Hey All,

 

I am producing a profile shifted Helical gear, and yes I want the exact model geometry so that I can have a non gear shop machine it without using a gear cutter.

 

Anyway, the formulas use the "Involute Function" and the "Inverse Involute Function"  The later uses an iterative method to churn through the equations until the changing result is small enough so that you don't care.  When I try this in Solidworks equation manager, it gives me the circular reference message.  Great that is what I want.  I tried to stop the loop with an "IIF" statement to break out when a specified number is reached, but no luck.

 

Am I on the right track with the "IIF" statement?  Or is there just a button I can use to turn on iterative equations and limit the loops the equation manager will calculate?  They have this sort of thing for NX, but I am using Soliworks now, and we're not entirely friends as of yet.


Categories: User Interface

Comments
Last comment By: Robert Weimer   Thu, 12 Oct 2017 21:21:44 GMT
Re: Purposely Inserting an Iterative (Circular Reference) Equation in the Equation Manager

And now the follow up.

If there is no way to do iterative equations In the equation manager in a slick manner, I would be interested in knowing the maximum number of global variables I can use?

By: Robert Weimer  Wed, 11 Oct 2017 22:27:44 GMT
Re: Purposely Inserting an Iterative (Circular Reference) Equation in the Equation Manager

Have you tried the equation driven curve?  There are also several quite good threads on here regarding gear modeling using the involute equation driven curve.

By: Josh Brady  Thu, 12 Oct 2017 00:13:35 GMT
Re: Purposely Inserting an Iterative (Circular Reference) Equation in the Equation Manager

Yeah, I actually have a couple of parametric equation driven curves to produce the involute curves in the model.  I'm not aware of how to use one to figure out the inverse involute function, but I will check out the equation driven curve discussion to see if there is a way, besides I have other issues with the equation driven curve anyway.  Maybe I can figure out how to make 1 equation driven curve, then mirror it and have it maintain its parametric features when revisiting the sketch.

By: Robert Weimer  Thu, 12 Oct 2017 00:42:19 GMT
Re: Purposely Inserting an Iterative (Circular Reference) Equation in the Equation Manager

It is very interesting if you can get away with making "illegal" equations. This way you can create some very interesting constructions.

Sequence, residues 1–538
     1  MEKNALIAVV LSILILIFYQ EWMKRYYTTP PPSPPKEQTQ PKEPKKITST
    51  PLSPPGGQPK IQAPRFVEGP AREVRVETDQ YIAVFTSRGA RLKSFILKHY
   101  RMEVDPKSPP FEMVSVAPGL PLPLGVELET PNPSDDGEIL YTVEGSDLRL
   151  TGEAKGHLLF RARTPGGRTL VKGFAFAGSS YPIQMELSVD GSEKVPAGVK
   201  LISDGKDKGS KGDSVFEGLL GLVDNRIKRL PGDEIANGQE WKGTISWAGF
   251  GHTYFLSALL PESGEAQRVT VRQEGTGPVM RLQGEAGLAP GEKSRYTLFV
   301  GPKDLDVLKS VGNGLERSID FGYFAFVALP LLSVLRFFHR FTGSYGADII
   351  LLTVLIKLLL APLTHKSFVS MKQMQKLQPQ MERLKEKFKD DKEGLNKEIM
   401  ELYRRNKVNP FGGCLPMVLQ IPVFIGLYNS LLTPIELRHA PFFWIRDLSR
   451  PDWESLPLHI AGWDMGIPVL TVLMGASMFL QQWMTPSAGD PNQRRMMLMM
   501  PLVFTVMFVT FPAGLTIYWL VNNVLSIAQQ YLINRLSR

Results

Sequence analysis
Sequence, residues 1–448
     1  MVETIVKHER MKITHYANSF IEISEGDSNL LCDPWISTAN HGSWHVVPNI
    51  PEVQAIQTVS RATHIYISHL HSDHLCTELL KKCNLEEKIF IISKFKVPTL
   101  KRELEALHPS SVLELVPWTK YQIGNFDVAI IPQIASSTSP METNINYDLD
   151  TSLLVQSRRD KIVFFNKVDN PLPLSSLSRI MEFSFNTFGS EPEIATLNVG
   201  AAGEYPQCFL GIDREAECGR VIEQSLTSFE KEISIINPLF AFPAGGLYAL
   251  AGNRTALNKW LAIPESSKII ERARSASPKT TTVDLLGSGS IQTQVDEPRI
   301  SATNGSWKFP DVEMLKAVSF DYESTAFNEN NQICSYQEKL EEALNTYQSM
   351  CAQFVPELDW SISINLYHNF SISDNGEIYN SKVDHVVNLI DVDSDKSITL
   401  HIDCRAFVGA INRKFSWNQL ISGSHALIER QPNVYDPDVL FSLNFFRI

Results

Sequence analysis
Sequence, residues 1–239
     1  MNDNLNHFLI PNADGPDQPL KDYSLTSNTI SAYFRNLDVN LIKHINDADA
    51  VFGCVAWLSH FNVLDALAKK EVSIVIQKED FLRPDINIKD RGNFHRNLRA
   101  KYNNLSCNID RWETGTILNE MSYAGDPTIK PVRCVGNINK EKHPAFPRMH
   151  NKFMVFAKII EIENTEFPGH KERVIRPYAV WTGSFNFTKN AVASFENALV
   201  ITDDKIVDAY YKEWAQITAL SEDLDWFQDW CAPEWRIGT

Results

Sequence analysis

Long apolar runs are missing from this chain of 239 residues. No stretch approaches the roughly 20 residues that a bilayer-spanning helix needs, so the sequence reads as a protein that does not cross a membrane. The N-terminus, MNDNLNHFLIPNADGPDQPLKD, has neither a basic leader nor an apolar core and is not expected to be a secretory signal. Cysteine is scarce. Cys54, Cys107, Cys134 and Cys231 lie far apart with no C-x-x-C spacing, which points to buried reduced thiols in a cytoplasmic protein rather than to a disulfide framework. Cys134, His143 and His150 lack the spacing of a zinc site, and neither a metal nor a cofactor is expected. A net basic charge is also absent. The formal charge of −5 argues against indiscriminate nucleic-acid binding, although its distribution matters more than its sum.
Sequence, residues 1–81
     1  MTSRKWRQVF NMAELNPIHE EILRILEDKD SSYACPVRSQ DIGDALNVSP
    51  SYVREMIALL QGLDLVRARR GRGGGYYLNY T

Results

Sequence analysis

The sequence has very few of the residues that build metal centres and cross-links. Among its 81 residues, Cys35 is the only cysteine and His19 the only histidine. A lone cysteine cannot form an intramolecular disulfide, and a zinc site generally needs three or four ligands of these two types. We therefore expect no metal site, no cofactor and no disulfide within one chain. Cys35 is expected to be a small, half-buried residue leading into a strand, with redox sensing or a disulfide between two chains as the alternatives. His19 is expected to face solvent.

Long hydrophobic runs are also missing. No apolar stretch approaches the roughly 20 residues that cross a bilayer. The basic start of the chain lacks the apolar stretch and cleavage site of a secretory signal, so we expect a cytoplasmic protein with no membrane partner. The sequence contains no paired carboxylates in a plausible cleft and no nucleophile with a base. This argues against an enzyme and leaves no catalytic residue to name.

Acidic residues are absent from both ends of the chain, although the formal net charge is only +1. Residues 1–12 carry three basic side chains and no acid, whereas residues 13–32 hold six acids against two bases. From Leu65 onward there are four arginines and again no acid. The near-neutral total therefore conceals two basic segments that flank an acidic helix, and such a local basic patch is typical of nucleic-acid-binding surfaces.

In similar cases, I have uses Excel to do the math including iterations.

To transfer the results to SW I use one of two options.

  • Populate a design-table with your results (requires relative few dimensions in well defined sketches)
  • Make a separate Excel sheet containing X-Y-Z coordinates, save this as a txt-file and import this as a "Curve through XYZ points" (more steps and difficulty maintaining relations - faster and easier for curves with a lot of control points)

Be aware; depending on your language settings you might have an issue with decimal "." vs. decimal ",".

By: Thomas Voetmann  Thu, 12 Oct 2017 04:34:40 GMT
Re: Purposely Inserting an Iterative (Circular Reference) Equation in the Equation Manager

Thanks, I will try the population of a design table from an excel file, and see how that goes.

By: Robert Weimer  Thu, 12 Oct 2017 11:52:27 GMT
Re: Purposely Inserting an Iterative (Circular Reference) Equation in the Equation Manager

OK probably not the real way to do it, but all I need is around 100 iterations, so I created 100 separate equations, each one builds off the one before it, then I use the 100th equation in my other calculations.  Yes Solidworks wants to choke on it, not sure why it is only 100 equations, but anyway to combat this I would recommend using a dummy variable for all of the iterative calculations to begin with while modeling the geometry, then enter the iterative equations which isn't that bad with cntrl-c and cntrl-v, then switch out the dummy variable for the calculated one and wait a little while as Solidworks is force fed the equation protocol.  Like I said, it choked on it for a while, but in the end, I was the winner, and the desired results were achieved. 

 

Time for a beer.

By: Robert Weimer  Thu, 12 Oct 2017 21:21:44 GMT
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